Growing up in Eastern Europe, Katja Sirazitdinova was often told that she’d never succeed in technology — for the sole reason that she was a woman.
After advancing to the city finals of a math competition, she ran into her former math teacher who told her that she didn’t have a chance at winning, because she’d never beat the boys from her previous school.
“I won third place, scoring much higher than the boys from my previous school,” Sirazitdinova shrugged. “It was to prove the point that I could do it. It was the main driving force.”
In the face of outside resistance, Sirazitdinova pursued a career in computer science. Fascinated with the internet, she taught herself to code when she was 11 and was soon building websites for fun.
Her interest in computer science flourished in school, and she won a scholarship to pursue German language studies abroad in Germany. After completing her diploma back home, she returned to Germany and earned a Ph.D. in computer vision from Rhine-Westphalia Technical University of Aachen.
Furthering a Lifelong Passion for Learning at NVIDIA
Coming from a computer vision background, it was natural for Sirazitdinova to start working in AI. Today, as a Munich-based senior deep learning data scientist at NVIDIA, she helps key NVIDIA customers solve their challenges with NVIDIA AI technology. It requires a blend of both strong technical and people skills.
In her customer-facing role, her knowledge needs to be both broad and deep. Drawing on her passion for learning, Sirazitdinova keeps up with the latest research, especially with new developments in generative AI. She supports customers through every stage of their AI journey, from design of training and inference systems, algorithm design and model optimization, all the way to production deployment. Customers from various industries ask all kinds of questions — about infrastructure planning, hardware, software, mathematics, whatever — and she needs to be able to answer them all.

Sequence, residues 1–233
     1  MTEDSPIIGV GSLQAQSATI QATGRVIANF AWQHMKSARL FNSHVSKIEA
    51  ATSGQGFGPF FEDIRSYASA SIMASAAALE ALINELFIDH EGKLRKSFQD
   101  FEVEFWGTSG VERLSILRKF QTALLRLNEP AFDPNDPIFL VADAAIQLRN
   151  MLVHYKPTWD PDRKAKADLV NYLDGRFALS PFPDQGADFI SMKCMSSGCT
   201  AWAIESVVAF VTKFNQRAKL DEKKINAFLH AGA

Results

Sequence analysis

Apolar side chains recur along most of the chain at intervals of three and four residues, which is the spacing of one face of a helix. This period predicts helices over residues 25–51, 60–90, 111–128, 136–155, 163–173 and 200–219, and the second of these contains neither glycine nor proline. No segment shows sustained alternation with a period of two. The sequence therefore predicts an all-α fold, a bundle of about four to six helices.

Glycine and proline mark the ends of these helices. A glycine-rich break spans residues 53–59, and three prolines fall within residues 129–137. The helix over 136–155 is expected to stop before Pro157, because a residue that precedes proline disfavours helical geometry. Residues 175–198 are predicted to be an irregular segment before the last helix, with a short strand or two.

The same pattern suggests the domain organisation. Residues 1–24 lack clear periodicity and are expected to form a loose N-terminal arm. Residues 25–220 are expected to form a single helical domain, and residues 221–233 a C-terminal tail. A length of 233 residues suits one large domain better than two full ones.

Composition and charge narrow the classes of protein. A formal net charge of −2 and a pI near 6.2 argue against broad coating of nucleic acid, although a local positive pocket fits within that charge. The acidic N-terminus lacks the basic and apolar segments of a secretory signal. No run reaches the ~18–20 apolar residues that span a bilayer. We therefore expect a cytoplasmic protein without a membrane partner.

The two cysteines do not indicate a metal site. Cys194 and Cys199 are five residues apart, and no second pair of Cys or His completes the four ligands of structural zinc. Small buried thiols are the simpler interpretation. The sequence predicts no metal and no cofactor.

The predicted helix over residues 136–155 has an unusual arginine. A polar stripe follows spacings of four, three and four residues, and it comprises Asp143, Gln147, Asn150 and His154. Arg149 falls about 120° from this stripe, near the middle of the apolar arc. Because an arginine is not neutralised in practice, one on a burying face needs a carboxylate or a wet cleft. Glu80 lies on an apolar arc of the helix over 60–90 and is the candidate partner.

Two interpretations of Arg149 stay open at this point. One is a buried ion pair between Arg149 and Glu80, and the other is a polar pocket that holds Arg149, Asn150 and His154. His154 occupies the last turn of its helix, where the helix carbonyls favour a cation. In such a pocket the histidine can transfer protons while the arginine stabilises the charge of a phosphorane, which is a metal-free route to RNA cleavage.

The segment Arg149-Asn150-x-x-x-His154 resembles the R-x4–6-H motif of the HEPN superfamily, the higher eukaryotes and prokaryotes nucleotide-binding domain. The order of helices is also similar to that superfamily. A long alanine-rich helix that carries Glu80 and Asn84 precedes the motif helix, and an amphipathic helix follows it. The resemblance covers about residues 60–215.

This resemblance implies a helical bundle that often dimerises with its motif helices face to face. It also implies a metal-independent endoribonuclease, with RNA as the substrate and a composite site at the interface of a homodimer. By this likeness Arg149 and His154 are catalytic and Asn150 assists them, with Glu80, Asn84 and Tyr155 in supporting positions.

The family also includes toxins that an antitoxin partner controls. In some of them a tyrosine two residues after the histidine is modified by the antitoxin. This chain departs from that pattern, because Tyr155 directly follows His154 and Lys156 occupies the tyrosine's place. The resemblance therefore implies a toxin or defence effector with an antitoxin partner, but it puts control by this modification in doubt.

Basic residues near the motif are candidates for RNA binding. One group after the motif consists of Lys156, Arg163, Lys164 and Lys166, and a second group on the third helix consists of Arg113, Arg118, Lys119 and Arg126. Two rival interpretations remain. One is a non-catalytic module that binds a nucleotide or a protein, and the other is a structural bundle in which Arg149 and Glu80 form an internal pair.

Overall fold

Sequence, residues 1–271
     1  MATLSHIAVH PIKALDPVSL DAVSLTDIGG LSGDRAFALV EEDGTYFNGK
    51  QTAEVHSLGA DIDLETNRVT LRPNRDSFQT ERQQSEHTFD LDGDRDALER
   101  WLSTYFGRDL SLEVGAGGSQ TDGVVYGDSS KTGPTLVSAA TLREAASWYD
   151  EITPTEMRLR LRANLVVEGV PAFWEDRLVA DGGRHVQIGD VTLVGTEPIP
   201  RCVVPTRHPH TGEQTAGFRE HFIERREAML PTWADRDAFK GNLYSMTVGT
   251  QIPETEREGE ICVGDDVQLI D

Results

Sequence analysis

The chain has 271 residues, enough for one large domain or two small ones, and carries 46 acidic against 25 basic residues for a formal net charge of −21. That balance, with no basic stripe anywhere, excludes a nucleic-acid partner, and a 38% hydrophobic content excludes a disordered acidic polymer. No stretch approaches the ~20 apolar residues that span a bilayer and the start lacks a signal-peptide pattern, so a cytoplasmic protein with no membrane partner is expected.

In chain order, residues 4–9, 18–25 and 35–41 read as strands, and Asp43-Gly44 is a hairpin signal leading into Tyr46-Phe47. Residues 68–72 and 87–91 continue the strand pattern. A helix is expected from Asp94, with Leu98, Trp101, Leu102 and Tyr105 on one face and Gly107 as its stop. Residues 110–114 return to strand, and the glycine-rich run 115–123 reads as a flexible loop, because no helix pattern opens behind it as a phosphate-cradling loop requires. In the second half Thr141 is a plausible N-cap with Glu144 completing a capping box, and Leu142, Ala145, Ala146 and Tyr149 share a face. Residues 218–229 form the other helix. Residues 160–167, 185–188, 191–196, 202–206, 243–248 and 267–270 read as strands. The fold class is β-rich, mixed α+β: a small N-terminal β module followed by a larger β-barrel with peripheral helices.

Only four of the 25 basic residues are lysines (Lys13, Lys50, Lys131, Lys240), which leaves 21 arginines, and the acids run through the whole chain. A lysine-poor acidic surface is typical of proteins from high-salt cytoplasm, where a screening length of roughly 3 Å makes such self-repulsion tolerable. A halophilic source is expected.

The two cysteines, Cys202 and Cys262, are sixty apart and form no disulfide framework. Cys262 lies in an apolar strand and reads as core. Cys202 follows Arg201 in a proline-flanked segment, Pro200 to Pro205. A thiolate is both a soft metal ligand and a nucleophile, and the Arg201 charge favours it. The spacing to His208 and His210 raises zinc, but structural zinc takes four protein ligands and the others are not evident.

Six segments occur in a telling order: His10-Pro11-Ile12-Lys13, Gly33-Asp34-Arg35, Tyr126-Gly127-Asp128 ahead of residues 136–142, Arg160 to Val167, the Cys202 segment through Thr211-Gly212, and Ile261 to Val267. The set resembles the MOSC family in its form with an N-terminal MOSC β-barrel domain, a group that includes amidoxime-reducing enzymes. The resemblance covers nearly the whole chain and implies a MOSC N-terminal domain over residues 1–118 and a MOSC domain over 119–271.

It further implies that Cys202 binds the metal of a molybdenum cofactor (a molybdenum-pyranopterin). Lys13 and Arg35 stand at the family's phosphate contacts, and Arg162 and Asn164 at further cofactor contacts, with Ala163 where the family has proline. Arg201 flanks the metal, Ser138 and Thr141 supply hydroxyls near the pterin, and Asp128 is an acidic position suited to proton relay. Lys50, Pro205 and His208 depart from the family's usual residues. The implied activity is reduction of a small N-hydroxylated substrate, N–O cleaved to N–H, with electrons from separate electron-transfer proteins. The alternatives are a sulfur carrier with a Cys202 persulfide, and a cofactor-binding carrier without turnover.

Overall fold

Sirazitdinova has been able to directly influence NVIDIA’s products by working with product teams, and contributing code to libraries including NVIDIA Triton, an open-source inference-serving software.
Inspiring the Next Generation
Sirazitdinova thinks of work as a hobby that she loves, and in her free time she prepares educational talks about new technologies. She hopes to inspire more women to speak publicly about technology, and start believing that they can do it.
“When a whole society is telling you, ‘you are not good for that, because you are a girl,’ it’s not hard to start believing it,” she said, speaking about her early years. “I want young women entering tech to believe in themselves, and ask for help. Like we say at NVIDIA: no one fails alone.”
The NVIDIA office in Munich recently hosted local schoolgirls as a part of “Girls Day,” a day in Germany for young girls to explore potential career paths. As a member of NVIDIA’s EMEA Women in Technology community resource group, Sirazitdinova spoke to them about AI and building a career in technology.
Although she grew up in a world where everyone told her she couldn’t do it — today, she’s telling girls that they can.
Learn more about NVIDIA life, culture and careers.